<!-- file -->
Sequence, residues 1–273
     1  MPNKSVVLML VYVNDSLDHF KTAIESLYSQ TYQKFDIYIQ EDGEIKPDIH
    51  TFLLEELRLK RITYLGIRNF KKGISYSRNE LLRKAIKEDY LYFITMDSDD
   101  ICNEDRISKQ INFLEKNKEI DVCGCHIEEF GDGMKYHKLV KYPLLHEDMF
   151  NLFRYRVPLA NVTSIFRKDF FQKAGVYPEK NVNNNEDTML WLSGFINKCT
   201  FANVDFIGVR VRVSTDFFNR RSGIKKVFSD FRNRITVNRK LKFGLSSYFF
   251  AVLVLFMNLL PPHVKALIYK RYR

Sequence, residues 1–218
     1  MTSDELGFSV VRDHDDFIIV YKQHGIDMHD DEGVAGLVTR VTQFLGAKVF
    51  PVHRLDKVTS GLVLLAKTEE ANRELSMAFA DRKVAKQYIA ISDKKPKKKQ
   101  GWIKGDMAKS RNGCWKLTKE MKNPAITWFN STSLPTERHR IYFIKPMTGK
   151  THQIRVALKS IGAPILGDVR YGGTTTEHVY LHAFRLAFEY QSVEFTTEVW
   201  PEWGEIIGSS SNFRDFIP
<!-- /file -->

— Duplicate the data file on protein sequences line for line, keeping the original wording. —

Sequence, residues 1–273
     1  MPNKSVVLML VYVNDSLDHF KTAIESLYSQ TYQKFDIYIQ EDGEIKPDIH
    51  TFLLEELRLK RITYLGIRNF KKGISYSRNE LLRKAIKEDY LYFITMDSDD
   101  ICNEDRISKQ INFLEKNKEI DVCGCHIEEF GDGMKYHKLV KYPLLHEDMF
   151  NLFRYRVPLA NVTSIFRKDF FQKAGVYPEK NVNNNEDTML WLSGFINKCT
   201  FANVDFIGVR VRVSTDFFNR RSGIKKVFSD FRNRITVNRK LKFGLSSYFF
   251  AVLVLFMNLL PPHVKALIYK RYR

Sequence, residues 1–218
     1  MTSDELGFSV VRDHDDFIIV YKQHGIDMHD DEGVAGLVTR VTQFLGAKVF
    51  PVHRLDKVTS GLVLLAKTEE ANRELSMAFA DRKVAKQYIA ISDKKPKKKQ
   101  GWIKGDMAKS RNGCWKLTKE MKNPAITWFN STSLPTERHR IYFIKPMTGK
   151  THQIRVALKS IGAPILGDVR YGGTTTEHVY LHAFRLAFEY QSVEFTTEVW
   201  PEWGEIIGSS SNFRDFIP